Hazardous Debris

ADOT’s Incident Response Unit picking up Phoenix-area litter and dangerous road debris much faster

ADOT’s Incident Response Unit picking up Phoenix-area litter and dangerous road debris much faster

I-17 101 traffic interchange

ADOT’s Incident Response Unit picking up Phoenix-area litter and dangerous road debris much faster

ADOT’s Incident Response Unit picking up Phoenix-area litter and dangerous road debris much faster

November 1, 2021

PHOENIX –  In the past two years since the Arizona Department of Transportation started the Incident Response Unit sponsored by State Farm, pickup of litter and dangerous roadway debris has been far faster and more efficient than before. 

The Incident Response Unit, whose job is to patrol Valley freeways to provide vital services including removing litter and debris blocking the road, is working even more efficiently with its own tracking system for calls and time management . The system has provided a clearer picture for the unit to see where improvements can be made in responding to roadway incidents in the Valley.

“Litter is an ugly problem anywhere and objects in the roadway can cause serious and even fatal incidents,” said David Blue, ADOT’s Incident Response Unit manager. “Our job is to respond as rapidly as possible to get the driving surface clear and make sure conditions are safe for everyone.”  

One improvement that has paid dividends was a shift in schedules to have a rotating member of the unit on patrol duty on the weekend to address the dozens of litter calls coming in. The Incident Response Unit sponsored by State Farm normally operates from 5 a.m. to 8 p.m. Monday through Friday with on-call services nights and weekends. This change keeps drivers safer by removing blocking litter more quickly and freeing up State Troopers to address other incidents on the freeways.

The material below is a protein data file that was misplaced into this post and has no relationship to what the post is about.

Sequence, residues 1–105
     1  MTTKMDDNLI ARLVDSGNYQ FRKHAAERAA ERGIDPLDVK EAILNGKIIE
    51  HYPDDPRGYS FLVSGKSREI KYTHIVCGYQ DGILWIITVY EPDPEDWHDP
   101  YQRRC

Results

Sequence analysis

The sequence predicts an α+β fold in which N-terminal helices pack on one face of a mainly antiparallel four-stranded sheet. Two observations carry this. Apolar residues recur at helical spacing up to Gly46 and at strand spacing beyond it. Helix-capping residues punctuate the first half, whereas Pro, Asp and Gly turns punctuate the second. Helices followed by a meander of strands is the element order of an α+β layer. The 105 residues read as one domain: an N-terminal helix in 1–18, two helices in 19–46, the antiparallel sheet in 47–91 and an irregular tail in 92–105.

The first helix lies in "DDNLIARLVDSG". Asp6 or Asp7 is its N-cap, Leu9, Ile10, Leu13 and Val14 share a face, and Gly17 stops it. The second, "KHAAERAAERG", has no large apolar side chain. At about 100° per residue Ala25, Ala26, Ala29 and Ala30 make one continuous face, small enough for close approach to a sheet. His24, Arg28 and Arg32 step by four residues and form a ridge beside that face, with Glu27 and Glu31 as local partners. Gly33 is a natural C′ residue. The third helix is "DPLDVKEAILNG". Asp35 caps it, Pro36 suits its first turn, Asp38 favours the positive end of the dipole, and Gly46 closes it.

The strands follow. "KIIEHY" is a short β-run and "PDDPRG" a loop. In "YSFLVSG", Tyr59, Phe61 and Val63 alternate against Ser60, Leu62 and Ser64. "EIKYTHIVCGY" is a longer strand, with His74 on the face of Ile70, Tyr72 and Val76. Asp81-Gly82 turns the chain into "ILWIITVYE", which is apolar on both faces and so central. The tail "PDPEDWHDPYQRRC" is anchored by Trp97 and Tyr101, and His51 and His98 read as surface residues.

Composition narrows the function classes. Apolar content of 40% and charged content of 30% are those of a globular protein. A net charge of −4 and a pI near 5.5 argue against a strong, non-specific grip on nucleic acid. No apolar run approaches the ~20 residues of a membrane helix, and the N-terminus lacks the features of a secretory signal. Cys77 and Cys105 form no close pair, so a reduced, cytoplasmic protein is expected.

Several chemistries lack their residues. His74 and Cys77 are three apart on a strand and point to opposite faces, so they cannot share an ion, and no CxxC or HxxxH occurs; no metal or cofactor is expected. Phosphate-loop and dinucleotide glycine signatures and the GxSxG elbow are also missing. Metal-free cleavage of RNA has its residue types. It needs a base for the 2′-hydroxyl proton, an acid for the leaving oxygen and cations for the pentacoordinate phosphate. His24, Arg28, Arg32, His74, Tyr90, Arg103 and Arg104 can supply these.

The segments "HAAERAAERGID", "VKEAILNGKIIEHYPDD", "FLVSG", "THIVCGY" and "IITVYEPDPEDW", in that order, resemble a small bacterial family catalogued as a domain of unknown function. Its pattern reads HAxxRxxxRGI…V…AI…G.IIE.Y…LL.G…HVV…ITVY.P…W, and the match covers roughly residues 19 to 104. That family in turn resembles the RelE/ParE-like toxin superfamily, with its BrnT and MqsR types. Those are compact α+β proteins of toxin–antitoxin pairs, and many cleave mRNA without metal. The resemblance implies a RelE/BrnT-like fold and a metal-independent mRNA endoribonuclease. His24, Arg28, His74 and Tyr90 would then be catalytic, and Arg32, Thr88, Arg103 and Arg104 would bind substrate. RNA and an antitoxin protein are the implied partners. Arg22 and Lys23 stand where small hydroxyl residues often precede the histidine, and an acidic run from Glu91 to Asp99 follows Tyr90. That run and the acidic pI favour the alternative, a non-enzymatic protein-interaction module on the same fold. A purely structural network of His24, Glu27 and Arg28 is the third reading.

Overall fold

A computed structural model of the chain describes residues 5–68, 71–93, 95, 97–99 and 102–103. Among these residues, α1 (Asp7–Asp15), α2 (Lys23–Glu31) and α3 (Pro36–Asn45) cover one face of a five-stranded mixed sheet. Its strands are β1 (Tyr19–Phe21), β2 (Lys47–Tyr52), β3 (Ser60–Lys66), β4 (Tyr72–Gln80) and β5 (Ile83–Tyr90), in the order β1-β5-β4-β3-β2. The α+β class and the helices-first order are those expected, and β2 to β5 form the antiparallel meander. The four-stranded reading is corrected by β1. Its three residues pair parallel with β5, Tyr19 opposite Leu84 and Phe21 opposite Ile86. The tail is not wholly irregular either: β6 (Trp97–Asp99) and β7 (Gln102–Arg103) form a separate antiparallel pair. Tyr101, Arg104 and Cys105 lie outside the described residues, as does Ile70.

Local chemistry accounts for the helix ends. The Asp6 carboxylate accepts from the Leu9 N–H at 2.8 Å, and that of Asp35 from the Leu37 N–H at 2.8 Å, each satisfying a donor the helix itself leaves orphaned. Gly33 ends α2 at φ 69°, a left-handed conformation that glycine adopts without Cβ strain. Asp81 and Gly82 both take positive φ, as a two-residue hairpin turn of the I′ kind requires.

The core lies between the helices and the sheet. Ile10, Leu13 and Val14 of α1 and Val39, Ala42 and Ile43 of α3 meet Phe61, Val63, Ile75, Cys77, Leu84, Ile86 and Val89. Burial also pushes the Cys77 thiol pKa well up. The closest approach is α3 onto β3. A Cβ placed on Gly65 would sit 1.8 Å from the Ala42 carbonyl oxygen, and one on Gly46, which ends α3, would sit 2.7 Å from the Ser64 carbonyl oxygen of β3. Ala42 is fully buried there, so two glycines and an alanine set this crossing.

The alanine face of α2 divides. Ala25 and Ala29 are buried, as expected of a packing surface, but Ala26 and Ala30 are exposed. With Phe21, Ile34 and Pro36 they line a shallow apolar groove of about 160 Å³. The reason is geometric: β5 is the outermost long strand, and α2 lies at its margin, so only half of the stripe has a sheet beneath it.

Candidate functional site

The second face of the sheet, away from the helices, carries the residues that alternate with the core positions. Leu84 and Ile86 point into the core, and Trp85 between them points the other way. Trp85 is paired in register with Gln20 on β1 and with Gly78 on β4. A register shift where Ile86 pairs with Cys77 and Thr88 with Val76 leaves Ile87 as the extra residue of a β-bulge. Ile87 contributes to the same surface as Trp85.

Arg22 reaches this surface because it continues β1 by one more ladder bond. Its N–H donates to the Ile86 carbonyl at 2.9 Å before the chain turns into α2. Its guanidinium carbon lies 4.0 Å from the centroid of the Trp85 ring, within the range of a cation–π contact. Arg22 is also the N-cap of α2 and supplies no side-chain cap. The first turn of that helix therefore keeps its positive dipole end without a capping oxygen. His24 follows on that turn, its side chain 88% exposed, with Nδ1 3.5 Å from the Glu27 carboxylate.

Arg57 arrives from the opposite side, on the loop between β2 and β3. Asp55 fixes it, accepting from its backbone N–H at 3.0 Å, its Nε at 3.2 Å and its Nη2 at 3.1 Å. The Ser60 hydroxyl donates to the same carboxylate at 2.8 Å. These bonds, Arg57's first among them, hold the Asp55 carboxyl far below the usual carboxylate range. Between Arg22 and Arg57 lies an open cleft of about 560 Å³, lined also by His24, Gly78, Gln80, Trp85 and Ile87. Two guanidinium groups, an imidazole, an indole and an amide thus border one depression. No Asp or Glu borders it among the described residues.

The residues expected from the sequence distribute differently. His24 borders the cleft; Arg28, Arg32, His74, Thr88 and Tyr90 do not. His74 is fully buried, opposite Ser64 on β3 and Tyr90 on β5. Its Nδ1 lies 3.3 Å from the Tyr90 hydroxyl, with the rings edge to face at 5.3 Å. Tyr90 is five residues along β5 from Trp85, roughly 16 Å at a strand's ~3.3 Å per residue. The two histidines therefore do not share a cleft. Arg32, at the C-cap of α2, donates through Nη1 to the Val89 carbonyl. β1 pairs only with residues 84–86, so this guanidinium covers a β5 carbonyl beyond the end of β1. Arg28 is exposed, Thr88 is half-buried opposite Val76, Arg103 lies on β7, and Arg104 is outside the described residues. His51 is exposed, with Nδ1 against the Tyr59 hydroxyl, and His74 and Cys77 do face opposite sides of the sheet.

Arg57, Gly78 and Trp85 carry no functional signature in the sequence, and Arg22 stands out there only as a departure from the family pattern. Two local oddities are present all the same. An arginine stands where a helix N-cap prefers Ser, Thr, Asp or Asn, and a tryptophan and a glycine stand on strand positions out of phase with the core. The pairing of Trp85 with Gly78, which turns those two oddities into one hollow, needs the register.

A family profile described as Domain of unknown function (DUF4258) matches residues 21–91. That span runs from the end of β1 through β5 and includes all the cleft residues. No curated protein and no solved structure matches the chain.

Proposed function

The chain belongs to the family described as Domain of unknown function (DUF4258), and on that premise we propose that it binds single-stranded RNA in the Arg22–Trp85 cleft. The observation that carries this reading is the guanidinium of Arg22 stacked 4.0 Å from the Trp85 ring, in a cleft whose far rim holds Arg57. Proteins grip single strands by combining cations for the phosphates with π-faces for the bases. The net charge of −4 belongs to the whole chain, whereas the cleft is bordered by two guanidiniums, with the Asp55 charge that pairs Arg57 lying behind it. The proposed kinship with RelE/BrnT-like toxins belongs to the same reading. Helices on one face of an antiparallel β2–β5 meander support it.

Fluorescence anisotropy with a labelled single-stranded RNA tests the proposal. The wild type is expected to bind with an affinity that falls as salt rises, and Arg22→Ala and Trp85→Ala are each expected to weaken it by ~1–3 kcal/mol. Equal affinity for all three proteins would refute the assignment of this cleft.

In fact, one-third of the 1600 calls that have come in since mid-August have been for litter blocking the road. The types of litter the IRU responds to range from ladders and load spills to couches and even air conditioning units.

“Having someone on weekend duty helps us achieve our mission of keeping traffic flowing and reducing the chance for crashes,” Blue added. “We’re always looking to improve our processes to better serve motorists in the Valley.”

In addition to litter removal, the IRU provides traffic control at crash scenes and aids stranded motorists. Having a dedicated mobile team has cut response times for incidents to a matter of minutes. Before the IRU, maintenance crews would have to stop their work, return to a yard to pick up vehicles and equipment and then respond to the crash scene.